Characteristics of the Right Dog
In this section, generalized reccomendations are discussed. For every generalization there is always an exception.
The purpose here is not to create arguments about specific breeds that may or may not be helpful as service dogs. Specific
breeds mentioned will generally follow the guidelines suggested. The object is to be able to choose the optimum dog
for service dog work.
The working life of a service dog, ideally, if no health problems intervene, depending upon the breed, could be up to
maximum, eight years. That would be if you got the dog at two years of age and s/he was able to work until age ten.
Real life does not always match the ideal. Many dogs need to retire at age eight or nine. Some dogs retire earlier.
If you start out with a four year old dog, and s/he works until age eight, you only get four years of partnership.
The types of tasks and exercises you want the service dog to be able to do will determine your size requirements for
a dog. If you need mobility help, bracing, wheelchair pulling, etc. it will be important for the dog to be big enough
to help you effectively.
However, it is important to consider the relationship between size and longetivity. Generally, the larger the dog,
the shorter the life span. With very large breed dogs, the life span may be only six or seven years. When it takes
at least eighteen months to train a service dog, that doesn't leave as much time before the dog will need to be retired as
a dog with greater longetivity.
For alerting work, size is not critical. Recently, "laptop" service dogs, particularly Papillions, have been found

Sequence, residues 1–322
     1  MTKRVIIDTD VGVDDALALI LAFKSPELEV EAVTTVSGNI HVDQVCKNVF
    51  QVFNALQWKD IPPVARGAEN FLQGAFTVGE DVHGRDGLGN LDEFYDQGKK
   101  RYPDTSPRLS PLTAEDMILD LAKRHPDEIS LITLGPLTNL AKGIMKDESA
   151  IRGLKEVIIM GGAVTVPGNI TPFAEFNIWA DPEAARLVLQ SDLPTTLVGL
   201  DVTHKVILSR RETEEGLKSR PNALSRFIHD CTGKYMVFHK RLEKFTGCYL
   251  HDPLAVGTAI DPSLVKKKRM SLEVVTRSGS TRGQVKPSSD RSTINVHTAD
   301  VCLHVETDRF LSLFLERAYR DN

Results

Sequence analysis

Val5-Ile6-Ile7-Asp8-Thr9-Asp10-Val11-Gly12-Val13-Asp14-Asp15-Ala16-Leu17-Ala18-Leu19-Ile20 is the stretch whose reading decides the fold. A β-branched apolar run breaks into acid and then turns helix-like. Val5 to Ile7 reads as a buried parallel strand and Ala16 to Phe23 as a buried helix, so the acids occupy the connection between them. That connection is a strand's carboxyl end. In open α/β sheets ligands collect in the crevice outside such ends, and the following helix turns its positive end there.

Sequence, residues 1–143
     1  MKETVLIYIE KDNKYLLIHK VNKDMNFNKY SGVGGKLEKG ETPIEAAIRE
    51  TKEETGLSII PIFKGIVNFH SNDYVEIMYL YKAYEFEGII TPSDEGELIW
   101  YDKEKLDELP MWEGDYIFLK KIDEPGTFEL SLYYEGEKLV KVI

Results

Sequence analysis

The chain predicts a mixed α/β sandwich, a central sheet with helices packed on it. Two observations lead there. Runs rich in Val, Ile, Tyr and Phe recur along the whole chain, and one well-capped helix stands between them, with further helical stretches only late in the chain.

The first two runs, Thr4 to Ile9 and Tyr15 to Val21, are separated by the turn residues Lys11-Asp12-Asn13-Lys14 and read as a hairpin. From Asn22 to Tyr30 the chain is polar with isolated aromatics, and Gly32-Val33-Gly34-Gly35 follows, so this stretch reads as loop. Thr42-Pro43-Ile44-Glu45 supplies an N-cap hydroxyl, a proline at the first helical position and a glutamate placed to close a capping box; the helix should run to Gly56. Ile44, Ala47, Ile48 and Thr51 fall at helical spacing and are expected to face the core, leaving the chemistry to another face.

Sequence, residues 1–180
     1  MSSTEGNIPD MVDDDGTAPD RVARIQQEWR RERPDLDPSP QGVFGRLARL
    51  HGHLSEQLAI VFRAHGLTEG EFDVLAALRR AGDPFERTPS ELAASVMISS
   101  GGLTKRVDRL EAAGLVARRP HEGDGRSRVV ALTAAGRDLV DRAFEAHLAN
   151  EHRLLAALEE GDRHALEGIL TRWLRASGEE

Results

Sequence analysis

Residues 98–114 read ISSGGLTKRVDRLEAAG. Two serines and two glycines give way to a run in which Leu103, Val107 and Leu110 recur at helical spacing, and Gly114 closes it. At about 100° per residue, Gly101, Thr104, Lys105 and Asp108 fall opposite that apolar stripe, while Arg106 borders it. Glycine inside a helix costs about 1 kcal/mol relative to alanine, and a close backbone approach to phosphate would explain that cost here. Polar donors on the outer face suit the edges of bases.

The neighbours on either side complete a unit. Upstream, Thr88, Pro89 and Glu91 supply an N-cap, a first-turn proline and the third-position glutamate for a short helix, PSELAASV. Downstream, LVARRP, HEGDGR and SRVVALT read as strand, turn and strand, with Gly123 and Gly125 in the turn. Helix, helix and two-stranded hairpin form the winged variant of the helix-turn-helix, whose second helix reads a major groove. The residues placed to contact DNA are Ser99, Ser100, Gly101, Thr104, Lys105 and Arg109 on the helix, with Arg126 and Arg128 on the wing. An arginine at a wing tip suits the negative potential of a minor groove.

to be very effective, as well as easier to handle for people needing retrieval, alert, go for help, and non-mobility tasks.
Some organizations use only Labrador Retrievers, Golden Retrievers, or German Shepherds, the traditional breeds for service
dog work. Standard Poodles are an alternative non-allergenic choice.
As various breeds of dogs were developed over time, selection was made for particular traits and characteristics.
Some traits and characteristics in dogs are more important for service dog work. Generally, high levels of trainability,
willingness to please, and intellegence are necessary in a service dog.
Working, Herding and Sporting groups were bred to be in a working relationship with a human partner and generally have
traits most condusive to this type of relationship.
If a Sporting dog is "too birdy" or "critters", it will not work out as a service dog, because it's interests lie elsewhere.
Many Herding type dogs will be too interested in the "chase", be too obsessive or hyperactive, or have a tendency to "nip",
all characteristics which have been intentionally bred into them for herding, but will disqualify them for service dog work.
Some Working type dogs will be naturally too "owner-protective" to deal with public service dog work.
Nordic, Northern, and Sighthound breeds generally will not have the characteristics needed to be service dogs.
Their talents exsist in other areas.
Working service dogs are generally required to be spayed or neutered. Hormonal influence to an intact animal interferes
with concentration and ability to work. Spaying and neutering also greatly decreases the incidence of cancer.
The actual gender of a service dog is not necessarily a determining factor in ability to work or placement. Female
and male dogs which have been spayed or neutered work equally well as service dogs.
Some people may have a gender preference in respect to the dog they want. This is not usually a good criteria to